Jean-Philippe RAMEAU (1683-1764) Anacréon (1754)
Anacréon – Matthew Brook (bass)
Chloé – Anna Dennis (soprano)
Batile – Agustin Prunell-Friend (tenor)
The Choir of the Enlightenment
Orchestra of the Age of Enlightenment/Jonathan Williams
rec. All Saints Church, East Finchley, UK, 2014
World premiere recording SIGNUM CLASSICS SIGCD402 [50:19]
Rameau wrote not one but two Anacréon operas, though they have neither music nor text in common. This 1754 one is an opéra-ballet, a peculiarly French form that Rameau was making his own. The music was all but lost before it was reconstructed by Jonathan Williams from fragments of manuscripts scattered across some Parisian libraries. It is, therefore, a labour of love for him to be able to record it here, and the care with which he shapes the score is, perhaps, the best thing about this recording. The orchestral texture is beautifully realised, utterly characteristic and disarmingly French-sounding, down to the lovely swooping sound of the horns, or the flute that decorates several of the arias praising the outdoors, like Chloe’s Tendre Amour. The dances, such an intrinsic part of this format, are delightful; delicately sprung and full of blithe lightness, so that they jump out of the speakers in a most exciting manner. There is an indefinable sophistication to the OAE sound here that bears comparison with Les Arts Florissants - high praise in repertoire like this.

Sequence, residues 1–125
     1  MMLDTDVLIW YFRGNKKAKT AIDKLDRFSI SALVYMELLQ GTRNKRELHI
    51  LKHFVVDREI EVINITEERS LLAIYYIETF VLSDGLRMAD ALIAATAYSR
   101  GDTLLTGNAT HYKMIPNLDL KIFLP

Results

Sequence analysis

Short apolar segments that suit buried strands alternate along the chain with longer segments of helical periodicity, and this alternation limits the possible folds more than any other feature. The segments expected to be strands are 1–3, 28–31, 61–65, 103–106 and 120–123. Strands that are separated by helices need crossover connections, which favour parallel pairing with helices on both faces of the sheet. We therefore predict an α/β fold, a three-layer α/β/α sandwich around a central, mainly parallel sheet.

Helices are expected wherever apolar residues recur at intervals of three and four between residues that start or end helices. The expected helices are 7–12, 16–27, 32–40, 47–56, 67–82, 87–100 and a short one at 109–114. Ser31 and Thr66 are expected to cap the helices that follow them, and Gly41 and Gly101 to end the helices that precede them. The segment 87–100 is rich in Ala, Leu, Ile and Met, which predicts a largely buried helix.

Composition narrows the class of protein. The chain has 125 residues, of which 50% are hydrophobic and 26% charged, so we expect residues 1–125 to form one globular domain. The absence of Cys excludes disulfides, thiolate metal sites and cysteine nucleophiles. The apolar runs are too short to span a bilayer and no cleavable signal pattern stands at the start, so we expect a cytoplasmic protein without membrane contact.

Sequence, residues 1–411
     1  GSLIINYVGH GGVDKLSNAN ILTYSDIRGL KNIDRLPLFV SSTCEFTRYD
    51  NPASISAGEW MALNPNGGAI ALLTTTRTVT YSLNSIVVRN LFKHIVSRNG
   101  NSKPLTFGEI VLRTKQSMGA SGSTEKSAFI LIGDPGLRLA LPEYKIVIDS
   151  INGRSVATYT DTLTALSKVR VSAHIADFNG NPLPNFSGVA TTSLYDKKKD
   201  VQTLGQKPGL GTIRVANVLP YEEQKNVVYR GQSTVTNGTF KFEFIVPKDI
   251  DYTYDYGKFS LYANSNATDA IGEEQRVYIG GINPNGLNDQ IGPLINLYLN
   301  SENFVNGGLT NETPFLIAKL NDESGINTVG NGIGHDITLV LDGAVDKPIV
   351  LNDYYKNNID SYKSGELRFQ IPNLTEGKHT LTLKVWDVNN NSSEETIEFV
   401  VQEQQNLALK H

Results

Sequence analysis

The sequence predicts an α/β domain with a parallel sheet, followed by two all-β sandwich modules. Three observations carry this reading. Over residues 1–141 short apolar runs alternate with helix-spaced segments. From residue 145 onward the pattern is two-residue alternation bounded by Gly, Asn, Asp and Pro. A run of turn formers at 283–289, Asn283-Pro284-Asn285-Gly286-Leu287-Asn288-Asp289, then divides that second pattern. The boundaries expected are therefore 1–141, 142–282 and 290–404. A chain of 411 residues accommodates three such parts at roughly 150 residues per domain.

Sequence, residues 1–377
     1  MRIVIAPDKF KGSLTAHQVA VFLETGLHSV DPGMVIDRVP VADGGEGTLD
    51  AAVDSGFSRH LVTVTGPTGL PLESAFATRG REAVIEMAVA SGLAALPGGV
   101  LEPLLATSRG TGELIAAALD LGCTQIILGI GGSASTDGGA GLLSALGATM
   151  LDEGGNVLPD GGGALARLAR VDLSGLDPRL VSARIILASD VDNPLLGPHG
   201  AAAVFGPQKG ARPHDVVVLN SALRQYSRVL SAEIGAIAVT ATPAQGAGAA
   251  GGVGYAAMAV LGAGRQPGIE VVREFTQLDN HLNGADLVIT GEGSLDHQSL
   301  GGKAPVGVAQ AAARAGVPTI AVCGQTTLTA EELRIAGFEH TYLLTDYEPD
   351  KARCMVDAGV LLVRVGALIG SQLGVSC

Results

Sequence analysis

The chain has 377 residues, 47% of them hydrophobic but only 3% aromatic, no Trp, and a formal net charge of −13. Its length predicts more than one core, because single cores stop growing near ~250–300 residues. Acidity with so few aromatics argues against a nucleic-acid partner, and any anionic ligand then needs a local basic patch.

The opera itself is far from thrilling, its “story” revolving around the rather staid efforts of the poet Anacreon to get his charges, Chloe and Bathyllus, to realise that they are in love. This they duly do, without much fuss, and some dancing ensues, to the general delight of all. The finest of the singers is Anna Denis’ Chloé, who is full of wide-eyed innocence but marries this with a gloriously refulgent tone. There is a haunting, luxurious quality to her voice that I found utterly beguiling, and her singing is a joy throughout. Matthew Brook is on the gruff side as Anacréon himself and, like Agustin Prunell-Friend, you can tell that he isn’t French, for all the effort he puts into his diction. Prunell-Friend is also a little weedy of tone as Batile, which is a shame, as much of his music is lyrical and winning. Still, the ear attunes to it as the performance progresses, and the considerable benefits of the orchestral and choral colour certainly help.
If you’re interested in the opera, this is your only choice, and is likely to remain so for quite some time. Full texts and translations are included, as well as a very informative introductory essay by Jonathan Williams himself.
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